I believe that I am rich. Actually, I know I am. Magda told me so. Even though I live off $180 a month, my house is made out of adobe, my living room floods every time it rains, and I don’t have indoor plumbing—I am rich. I laughed when Magda told me this. It was almost like an accusation.
I had just hiked up the mountain from Tutule to Granadillo huffing and puffing, wishing I had a Jeep. But no, that wouldn’t work. Part of being a successful Peace Corps Volunteer is living at the level of the people you work with. Nobody in any of the small communities outside Tutule had a motorized vehicle, so I didn’t either. I thought that people respected me for this. And I guess they did—to an extent. But that didn’t stop my friend Magda from singling me out. We were sitting on a log outside her two-room house made of mud and sticks that she shared with eight other people. “You are rich,” she said. I laughed. “What are you talking about?”
“You have beautiful shoes,” Magda stated matter of factly. I looked down at my bright red Nike sneakers. I had gotten them off the clearance rack at an outlet store back in Georgia. My mother had called them gaudy. Magda, who owned only flip-flops—and not very good ones at that—called them beautiful. I looked at her feet. Magda and I were roughly the same age—mid twenties. Like those of most of the rural Hondurans I worked with, Magda’s feet looked, um… “rugged.” She had probably never worn a pair shoes in her life. I knew for a fact that Magda’s family didn’t own a pair of nail clippers because Sarah Ruth, my Peace Corps site-mate, used to take nail clippers with her every time that we visited. She would just “go to town,” as my mamaw would say—kids lined up and nails flying everywhere. But Sarah Ruth was gone, and it was just me, and I was under fire.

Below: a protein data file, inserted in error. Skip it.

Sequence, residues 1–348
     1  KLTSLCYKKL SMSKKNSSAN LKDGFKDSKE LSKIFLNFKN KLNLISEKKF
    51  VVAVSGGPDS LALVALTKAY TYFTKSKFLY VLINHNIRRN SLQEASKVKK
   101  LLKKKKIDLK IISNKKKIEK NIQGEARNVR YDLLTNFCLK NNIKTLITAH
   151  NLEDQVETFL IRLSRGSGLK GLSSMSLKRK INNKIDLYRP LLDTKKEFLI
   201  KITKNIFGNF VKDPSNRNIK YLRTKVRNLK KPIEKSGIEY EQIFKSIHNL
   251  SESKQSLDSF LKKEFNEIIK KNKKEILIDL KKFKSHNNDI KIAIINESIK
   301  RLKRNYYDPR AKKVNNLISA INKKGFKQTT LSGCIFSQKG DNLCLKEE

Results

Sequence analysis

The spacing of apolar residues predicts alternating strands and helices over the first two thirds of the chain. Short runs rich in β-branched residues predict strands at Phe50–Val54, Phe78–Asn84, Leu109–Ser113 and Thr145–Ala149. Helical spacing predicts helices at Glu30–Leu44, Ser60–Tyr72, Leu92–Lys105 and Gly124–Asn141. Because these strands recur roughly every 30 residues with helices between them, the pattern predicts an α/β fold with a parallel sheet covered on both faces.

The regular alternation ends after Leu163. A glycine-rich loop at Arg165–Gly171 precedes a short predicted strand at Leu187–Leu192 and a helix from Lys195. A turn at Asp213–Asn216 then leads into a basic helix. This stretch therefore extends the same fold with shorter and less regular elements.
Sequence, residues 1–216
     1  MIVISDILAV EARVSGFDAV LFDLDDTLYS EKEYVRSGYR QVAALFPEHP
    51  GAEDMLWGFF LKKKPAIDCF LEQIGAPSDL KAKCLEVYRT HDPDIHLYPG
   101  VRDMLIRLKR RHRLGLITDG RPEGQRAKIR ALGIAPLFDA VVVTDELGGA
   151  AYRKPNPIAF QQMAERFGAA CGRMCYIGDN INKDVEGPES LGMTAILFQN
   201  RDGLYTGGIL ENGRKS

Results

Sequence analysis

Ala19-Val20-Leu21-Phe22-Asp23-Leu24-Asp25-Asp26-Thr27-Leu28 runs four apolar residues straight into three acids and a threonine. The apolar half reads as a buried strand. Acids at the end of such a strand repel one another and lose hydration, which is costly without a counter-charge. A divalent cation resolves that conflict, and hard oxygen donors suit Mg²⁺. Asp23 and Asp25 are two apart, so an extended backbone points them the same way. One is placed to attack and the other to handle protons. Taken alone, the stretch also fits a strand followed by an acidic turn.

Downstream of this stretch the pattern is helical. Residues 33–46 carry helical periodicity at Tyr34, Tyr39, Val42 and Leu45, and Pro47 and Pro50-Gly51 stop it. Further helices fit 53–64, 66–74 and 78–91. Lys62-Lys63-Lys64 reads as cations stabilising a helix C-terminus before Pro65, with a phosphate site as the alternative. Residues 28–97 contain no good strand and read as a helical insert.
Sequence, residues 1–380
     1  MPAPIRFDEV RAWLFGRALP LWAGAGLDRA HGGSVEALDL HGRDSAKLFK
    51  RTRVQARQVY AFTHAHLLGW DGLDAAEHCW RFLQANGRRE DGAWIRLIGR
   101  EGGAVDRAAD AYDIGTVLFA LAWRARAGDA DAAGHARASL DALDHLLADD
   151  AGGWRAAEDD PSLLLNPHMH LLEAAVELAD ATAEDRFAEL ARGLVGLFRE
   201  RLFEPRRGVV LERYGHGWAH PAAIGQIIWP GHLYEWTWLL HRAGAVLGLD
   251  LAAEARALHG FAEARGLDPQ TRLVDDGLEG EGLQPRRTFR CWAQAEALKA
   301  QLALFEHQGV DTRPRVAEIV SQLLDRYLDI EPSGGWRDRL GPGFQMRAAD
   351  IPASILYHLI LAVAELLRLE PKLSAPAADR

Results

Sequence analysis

“You wear glasses for the sun,” Magda continued. Again, guilty as charged. “I have sensitive eyes…” I started, but Magda just looked at me, almost daring me to say that her eyes weren’t sensitive too. So I mumbled something about blue eyes being weaker than brown ones, although I had no I idea if it was true. Probably not. And at that moment, I realized that Magda was right—that I was, or rather, I AM, rich.
I am rich because I grew-up with a myriad of opportunities that Magda could never imagine—a good public school education, two employed parents, hospitals, paved roads, libraries—and those are just the basics. I was raised to think for myself, to believe that I have the ability to create my own destiny, and in an environment conducive to helping me reach my potential. Compared to two-thirds of the world, I am rich with my sneakers and sunglasses. And compared to the other third, I am rich because I have had the opportunity to realize my wealth. This, I believe.
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